Methods to assess PM2.5 exposure from indoor sources in epidemiological studies: a review
Sandoval Diez, Nekane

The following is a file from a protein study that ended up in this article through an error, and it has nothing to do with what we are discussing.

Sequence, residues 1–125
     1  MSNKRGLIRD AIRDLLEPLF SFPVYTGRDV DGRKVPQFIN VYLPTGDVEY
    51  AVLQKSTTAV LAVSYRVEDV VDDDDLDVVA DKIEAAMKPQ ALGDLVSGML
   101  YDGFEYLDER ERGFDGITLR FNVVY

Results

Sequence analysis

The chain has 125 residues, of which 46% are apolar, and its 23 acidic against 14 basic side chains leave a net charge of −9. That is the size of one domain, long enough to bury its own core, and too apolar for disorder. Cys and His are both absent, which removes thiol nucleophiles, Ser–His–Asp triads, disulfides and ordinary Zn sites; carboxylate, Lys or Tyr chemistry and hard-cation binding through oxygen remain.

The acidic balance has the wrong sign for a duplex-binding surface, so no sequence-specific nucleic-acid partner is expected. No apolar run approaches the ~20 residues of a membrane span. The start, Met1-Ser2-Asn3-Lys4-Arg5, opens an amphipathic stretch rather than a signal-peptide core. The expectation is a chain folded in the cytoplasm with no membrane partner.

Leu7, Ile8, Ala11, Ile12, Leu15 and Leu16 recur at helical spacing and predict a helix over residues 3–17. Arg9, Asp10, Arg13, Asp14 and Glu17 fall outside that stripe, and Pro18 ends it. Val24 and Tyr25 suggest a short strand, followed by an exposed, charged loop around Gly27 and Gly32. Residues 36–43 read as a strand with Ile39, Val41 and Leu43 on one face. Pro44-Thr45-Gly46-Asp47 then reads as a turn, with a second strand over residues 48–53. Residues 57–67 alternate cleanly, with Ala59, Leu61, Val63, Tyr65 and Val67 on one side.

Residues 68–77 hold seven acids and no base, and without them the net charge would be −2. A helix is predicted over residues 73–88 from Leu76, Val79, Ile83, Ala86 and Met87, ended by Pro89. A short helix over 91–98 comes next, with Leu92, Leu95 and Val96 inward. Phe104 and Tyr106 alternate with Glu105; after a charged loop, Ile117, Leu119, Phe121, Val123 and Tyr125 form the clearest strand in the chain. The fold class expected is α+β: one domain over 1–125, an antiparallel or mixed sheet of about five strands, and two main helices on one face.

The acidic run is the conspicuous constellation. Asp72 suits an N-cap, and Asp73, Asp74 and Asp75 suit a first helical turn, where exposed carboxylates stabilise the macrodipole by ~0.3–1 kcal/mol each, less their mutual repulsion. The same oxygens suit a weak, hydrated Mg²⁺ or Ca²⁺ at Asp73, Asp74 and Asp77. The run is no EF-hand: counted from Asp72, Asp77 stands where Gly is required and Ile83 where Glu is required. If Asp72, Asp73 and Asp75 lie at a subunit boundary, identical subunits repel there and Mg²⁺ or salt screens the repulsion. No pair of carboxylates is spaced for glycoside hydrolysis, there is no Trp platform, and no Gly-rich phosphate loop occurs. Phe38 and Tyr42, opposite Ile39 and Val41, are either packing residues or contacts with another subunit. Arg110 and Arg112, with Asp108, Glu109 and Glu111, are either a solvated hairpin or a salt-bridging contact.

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Of all air pollutants, particles with a diameter of less than or equal to 2.5 μm (PM2.5) have the greatest scientific evidence of adverse health effects, including respiratory, cardiovascular, nervous system effects, cancer, and mortality. Epidemiological studies are an invaluable and very important tool to establish the toxicity and effects of PM2.5 on human health. Most epidemiological studies have measured or modelled ambient concentrations of PM2.5 to estimate human exposure. However, humans spend most of their time indoors, where almost all exposure to air pollutants takes place. Indoor PM2.5 concentration is a mixture of both ambient and non-ambient particles. The ambient component refers to all the particles generated outdoors that infiltrate into the indoor environment through, for example, ventilation. Nonambient particles refer to all those particles that are produced directly indoors or by human personal activities. Many human activities can be sources of indoor PM2.5, although the most important are smoking, cooking, and heating. Outdoor and indoor PM2.5 sources are different, so the particle's composition, toxicity, and human health effects may also be distinct. Therefore, it is important to treat exposure to outdoor- and indoor-generated PM2.5 as two separate exposures to investigate their effects in epidemiological studies. To separate indoor- and outdoor-generated PM2.5 exposure, researchers have used tracer compounds whose production occurs almost exclusively outdoors and infiltrate into indoor environments, a method called source partitioning. However, the separation between indoor- and outdoor-generated PM2.5 implies many logistical challenges for epidemiological research since it often entails a great economic cost for the researchers to carry out measurements in each of the residences or indoor environments. It can also be inconvenient for the participants. This is why most of the studies that measure indoor PM2.5 concentrations do so in small study populations or for short periods of time. Having small study populations limits the ability of epidemiological studies to draw valid results. In this literature review, we aimed to evaluate the approaches and techniques used to assess indoor-generated PM2.5 exposure in epidemiological studies of respiratory health effects, pointing out their strengths and limitations. We identified a total of 29 epidemiological studies that carried out measurements of indoor PM2.5 concentrations, of which only 5 applied methods to separate indoor- and outdoor-generated particles. All studies that applied source partitioning methods used sulphate or iron as tracer compounds, had small study populations, and studied short-term exposures. The results of studies applying source partitioning methods highlight the importance of investigating the specific relationship between indoor-generated PM2.5 and respiratory health outcomes, as well as distinguishing it from outdoor sources.